The past weekend was spent visiting the Barossa Valley in South Australia, about a Barossa Valley SA”>nine hour drive from Melbourne, or even quicker by air. The purpose was to do a reconnaissance of the district by bike ahead of the planned fundraising ride next January.
A couple of training rides around the region provided the opportunity to admire the landscape, be attacked by Magpies and ride along many of the roads used for the Tour Down Under cycling race. The rides ticked off the fitness checklist: hours in the saddle, kilometres traveled, altitude gained and effort expended. The thing is though, it’s possible to more or less achieve those same aims on a stationary cycle trainer. The differentiator here though was the experience.
The most noticeable difference to Melbourne was the feeling of safety and respect on the roads. Vehicle drivers took a much wider berth when passing and exhibited a high degree of patience when it was unsafe to overtake on the quiet country back roads. Meanwhile in peripheral view meandering by were rolling hills, rows and rows of grape vines, pastures, sheep, goats, cows, colourful wildflowers, ruins of once inhabited cottages and cemeteries decorated with elaborate headstones of intrepid folk from Germany and the United Kingdom.
The experience of not knowing where the road lead, what was at the end, in the middle or at the side provided a sense of freedom and adventure. It provided a vehicle for discovery, a means to test boundaries that otherwise remain unnoticed under the metronome of a steadier routine.
Off the bike, the Barossa Valley is most well known for its concentration of wineries and production of world-class wines. It was another path to discovery visiting a variety of wineries, from full commercial to lesser known artisan low-volume producers, each provided a unique encounter.
Speaking with a third generation vigneron, he described that all he wanted to do was to continue his ancestors work and produce wines from the family vineyard. In order to do so, the family vineyard had to be bought back after it was sold during earlier years. Though he did successfully produce wine, the experience taught him that he knew little of marketing. Fourth generation to the rescue! Once mature, the next generation stepped in and developed modern bottle labels, introduced wine tastings with cheese and the cellar door was reinvigorated to attract a younger market segment.
The fourth generation vigneron recognised that producing wine was not enough, focusing on the customer was key to successfully delivering a lasting experience. They knew it started when the customer stepped on-site and the bottle label continued the story and take-away message. They were one of the artisans getting it right.
At the other end of the market was the winemakers supplying world-wide consumers. Visiting probably the largest wine brand of the region with grounds and buildings geared up to cater to bus-loads of travelers is a family started operation that has been hugely successful in wine sales. A visit to this winery provided a different experience. A grand driveway took you by a striking energy-saving solar-panel that led to a state-of-the-art visitor centre. Lashed with historical placards, wines and an extravagant wood-scuplted story-telling timeline, it even had metallic plate photographs to ensure they’re still around in another 160 years.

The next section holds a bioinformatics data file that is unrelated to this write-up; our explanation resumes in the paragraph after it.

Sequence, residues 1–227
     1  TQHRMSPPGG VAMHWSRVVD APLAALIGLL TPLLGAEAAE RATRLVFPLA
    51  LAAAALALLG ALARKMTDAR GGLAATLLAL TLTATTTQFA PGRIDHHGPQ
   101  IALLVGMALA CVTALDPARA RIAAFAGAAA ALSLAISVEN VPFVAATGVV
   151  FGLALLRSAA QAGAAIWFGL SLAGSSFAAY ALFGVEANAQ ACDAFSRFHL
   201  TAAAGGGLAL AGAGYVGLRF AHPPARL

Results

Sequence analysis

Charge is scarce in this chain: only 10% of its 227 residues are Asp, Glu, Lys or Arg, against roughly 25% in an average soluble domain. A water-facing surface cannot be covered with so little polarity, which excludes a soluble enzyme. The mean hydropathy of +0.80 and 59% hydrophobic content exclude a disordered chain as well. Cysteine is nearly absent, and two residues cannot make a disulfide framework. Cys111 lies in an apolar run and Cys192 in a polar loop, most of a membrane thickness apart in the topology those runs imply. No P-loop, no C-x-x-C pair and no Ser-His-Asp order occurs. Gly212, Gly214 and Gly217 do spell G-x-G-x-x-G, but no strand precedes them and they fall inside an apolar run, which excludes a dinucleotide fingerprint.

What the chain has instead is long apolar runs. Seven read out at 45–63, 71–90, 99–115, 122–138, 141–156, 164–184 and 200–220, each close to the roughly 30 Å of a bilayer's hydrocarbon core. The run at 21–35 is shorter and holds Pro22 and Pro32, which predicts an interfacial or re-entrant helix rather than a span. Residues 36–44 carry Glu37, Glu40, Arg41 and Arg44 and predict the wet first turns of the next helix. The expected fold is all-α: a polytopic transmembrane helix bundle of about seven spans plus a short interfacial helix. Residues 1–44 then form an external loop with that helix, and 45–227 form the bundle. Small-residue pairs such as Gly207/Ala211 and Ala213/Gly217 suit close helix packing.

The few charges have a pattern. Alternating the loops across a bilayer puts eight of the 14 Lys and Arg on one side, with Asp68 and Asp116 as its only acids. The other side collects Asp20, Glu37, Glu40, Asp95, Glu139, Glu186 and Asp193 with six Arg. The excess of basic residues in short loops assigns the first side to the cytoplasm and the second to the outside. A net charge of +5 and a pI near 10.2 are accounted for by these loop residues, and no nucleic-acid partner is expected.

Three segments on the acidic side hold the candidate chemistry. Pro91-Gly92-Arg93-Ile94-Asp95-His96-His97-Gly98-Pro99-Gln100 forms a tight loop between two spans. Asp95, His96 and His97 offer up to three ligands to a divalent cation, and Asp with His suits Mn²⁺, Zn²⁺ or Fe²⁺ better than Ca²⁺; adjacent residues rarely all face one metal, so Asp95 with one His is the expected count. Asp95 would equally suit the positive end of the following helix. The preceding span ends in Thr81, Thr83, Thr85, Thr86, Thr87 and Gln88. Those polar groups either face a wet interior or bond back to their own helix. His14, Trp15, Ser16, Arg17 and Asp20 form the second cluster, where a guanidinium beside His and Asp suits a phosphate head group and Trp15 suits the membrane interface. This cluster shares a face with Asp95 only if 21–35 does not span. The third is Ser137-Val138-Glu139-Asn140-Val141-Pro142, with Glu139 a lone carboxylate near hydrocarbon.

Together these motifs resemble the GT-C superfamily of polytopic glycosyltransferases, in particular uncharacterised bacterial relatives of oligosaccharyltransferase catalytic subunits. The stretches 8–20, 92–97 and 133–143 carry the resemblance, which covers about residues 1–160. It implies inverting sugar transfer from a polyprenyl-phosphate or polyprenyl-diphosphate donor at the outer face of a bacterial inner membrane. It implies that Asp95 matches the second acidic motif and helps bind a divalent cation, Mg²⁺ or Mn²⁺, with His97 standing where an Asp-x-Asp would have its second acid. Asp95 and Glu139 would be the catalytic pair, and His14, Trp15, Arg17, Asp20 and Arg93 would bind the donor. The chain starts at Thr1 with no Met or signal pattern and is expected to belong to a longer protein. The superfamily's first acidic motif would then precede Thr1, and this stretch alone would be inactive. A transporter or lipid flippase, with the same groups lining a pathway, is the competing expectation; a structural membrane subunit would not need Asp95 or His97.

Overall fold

As bold, interesting and lavish as the setting was, the customer experience felt removed and clinical. A casual staff member provided an insight into the wines on offer but that was where the insights ceased.
There’s something inexplicable in the manner of the customer interaction. At yet another family run winery employing over 350 staff, the experience balanced elegantly the commercial delivery with the deft touch of a grounded interaction. There was a genuine warmth to the environment, supported by a staff member’s anecdote about their first day at work four days prior to Christmas when the CEO greeted them personally by name. There was a link between customer, venue, product and experience, it felt authentic.
The challenge appeared to be how to maintain the artisan philosophy and essence whilst catering to a world consumer market. Could it be possible to deliver an authentic experience and produce incredible volumes of excellent product?
The question is: What do you want to do? It goes further: Is there an experience to be gained by doing so?
The purpose behind riding the roads around Barossa Valley was to understand what lay ahead in January and it did just that. As a by-product it taught that the roads were safer and provided an enjoyable and fascinating adventure in a new region. Now better informed it’s possible to undertake the right training and approach to prepare for January’s ride.
Visiting some of the region’s wineries to experience their offer provided more discoveries. Whilst each winery clearly seeks to sell volumes of wine, which they do, a clear distinction of on-site customer experience separated them markedly from their products. Equipped with these new insights, it’s now possible to incorporate the positive experiences and deliver that learning in future applications.
*Disclosure: All elements of the Barossa Valley tour were funded solely by Maarq.
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